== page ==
Those two requirements:
◊That foundations in the district be designed by licensed engineers. Drawings had to be submitted to the city to ensure, among other reasons, that drainage wouldn’t adversely affect neighbors.
“A lot of conversation had to do with soils. We have bad soils throughout the city. A concern was why shouldn’t we regulate someone else with bad soil [not on a hillside],” Pate said. “The counter-side is that a hillside compounds the problem. There’s more likelihood it could affect a neighbor.”
Minkel said that staff now suggests requiring a design professional to review, not create, the plans. This may cost the property owner, but most are doing this anyway so they don’t have to go back and fix problems, she said. It makes foundation failures less likely.
Bob Caulk spoke, representing the League of Women Voters of Washington County - which was heavily involved in crafting the ordinance.
He expressed concern that involving engineers will increase costs.
“You’re basically saying there will be no more affordable housing in the hillside overlay district. Period.” Caulk said.
◊Setting requirements for tree preservation.
If a builder or home owner reduced the tree canopy on a lot, whatever was saved would be permanently protected. Further trees could never be removed.
Minkel said staff doesn’t recommend pursuing the preservation requirement. Neighbors could have differing requirements, which would be unfair and difficult to enforce.
Minkel had one other suggestion, which she said would remove ambiguity and reduce a burden for residents.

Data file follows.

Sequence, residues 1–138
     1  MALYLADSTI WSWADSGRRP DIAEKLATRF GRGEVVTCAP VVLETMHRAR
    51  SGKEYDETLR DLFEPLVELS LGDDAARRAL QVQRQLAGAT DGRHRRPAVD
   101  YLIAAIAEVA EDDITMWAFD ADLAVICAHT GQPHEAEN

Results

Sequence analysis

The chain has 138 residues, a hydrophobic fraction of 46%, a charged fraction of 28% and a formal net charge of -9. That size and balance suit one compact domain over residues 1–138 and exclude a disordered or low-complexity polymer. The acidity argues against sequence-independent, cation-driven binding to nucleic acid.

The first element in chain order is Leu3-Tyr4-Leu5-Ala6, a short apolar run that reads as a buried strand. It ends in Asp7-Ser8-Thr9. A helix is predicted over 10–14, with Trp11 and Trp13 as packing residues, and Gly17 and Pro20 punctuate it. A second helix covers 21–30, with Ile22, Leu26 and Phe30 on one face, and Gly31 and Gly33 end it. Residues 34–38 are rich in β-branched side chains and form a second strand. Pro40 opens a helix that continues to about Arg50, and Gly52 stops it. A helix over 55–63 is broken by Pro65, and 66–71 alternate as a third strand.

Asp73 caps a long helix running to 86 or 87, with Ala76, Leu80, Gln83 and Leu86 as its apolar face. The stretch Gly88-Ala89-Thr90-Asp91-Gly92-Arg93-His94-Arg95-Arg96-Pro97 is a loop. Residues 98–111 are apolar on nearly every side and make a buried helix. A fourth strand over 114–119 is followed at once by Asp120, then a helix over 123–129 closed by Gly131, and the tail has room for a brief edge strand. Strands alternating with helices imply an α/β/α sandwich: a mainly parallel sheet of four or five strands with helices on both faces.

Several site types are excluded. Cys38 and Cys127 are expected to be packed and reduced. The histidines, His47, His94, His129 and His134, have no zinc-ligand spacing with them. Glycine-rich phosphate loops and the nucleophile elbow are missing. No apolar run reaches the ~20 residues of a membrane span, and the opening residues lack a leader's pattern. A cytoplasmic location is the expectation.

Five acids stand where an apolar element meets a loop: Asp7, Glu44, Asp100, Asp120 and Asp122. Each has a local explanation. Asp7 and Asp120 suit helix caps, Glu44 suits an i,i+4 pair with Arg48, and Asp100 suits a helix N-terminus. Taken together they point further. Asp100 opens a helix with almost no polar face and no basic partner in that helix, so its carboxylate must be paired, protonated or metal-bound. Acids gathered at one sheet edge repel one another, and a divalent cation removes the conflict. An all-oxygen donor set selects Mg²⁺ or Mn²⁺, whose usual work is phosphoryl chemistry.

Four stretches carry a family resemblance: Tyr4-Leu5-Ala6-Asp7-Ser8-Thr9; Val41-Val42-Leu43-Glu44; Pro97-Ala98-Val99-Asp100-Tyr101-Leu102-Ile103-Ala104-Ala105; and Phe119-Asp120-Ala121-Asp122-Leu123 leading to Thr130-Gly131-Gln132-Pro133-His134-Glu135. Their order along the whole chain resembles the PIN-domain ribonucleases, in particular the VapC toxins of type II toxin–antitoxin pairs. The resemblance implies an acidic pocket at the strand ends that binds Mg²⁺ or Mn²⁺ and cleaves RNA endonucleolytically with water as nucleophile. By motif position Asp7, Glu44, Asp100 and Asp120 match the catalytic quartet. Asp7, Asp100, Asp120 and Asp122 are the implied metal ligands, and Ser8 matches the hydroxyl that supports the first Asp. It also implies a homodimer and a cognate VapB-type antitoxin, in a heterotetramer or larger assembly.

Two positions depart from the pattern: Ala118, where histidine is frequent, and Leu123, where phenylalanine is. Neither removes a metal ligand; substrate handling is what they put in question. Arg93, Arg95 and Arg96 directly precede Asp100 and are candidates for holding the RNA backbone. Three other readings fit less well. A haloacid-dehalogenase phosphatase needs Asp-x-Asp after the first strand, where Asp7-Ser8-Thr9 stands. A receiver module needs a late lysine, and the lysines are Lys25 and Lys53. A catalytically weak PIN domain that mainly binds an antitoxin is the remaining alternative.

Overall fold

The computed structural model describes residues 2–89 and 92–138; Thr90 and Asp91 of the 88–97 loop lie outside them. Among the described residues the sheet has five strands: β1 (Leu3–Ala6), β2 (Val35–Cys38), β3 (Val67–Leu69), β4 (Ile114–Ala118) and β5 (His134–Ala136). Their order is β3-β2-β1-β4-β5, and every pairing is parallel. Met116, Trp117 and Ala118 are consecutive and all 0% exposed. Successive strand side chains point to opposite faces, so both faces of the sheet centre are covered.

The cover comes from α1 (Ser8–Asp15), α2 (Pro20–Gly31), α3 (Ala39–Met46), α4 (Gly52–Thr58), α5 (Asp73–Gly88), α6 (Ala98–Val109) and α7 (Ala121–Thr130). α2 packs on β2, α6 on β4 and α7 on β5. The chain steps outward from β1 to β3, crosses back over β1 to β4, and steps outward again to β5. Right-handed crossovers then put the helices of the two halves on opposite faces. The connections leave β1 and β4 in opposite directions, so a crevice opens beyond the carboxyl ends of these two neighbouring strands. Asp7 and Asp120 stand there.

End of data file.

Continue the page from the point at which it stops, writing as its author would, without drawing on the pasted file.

Currently, remodeling sections of a building, such as a bathroom, requires submission of an abbreviated tree preservation plan.
Minkel suggested exempting work that wouldn’t affect a roofline.
Alderman Matthew Petty asked staff ifthey considered what’s involved to require abbreviated tree preservation plans throughout the city, not just in the hillside district.
Pate said that could overwhelm staff, and that option was eliminated before the ordinance passed. Review of the plan requires a site visit.
Petty said he wants the public to know the city does “quite a bit for trees in every development, even outside the hillside district.”
Coody attended the meeting and spoke during public comment.
“The hilltop ordinance was the most progressive and far-reaching development ordinance in the state of Arkansas, and I think it did a lot of good,” Coody said.
Alderman Sarah Lewis seemed interested in expanding the tree preservation process throughout the city, not just in the hillside district. She suggested requiring a permit to cut down a tree.
“If you’re doing a development, you need to be protecting the trees on that lot. The difficulty comes when you’re writing the law. How do you word that and how do you staff that? Do we need a tree preservation plan for individual lots, or can itbe a request to remove trees?” Lewis said. “I also think our whole town has enough soil problems that we should be looking at soil tests.”
News, Pages 1 on 10/29/2009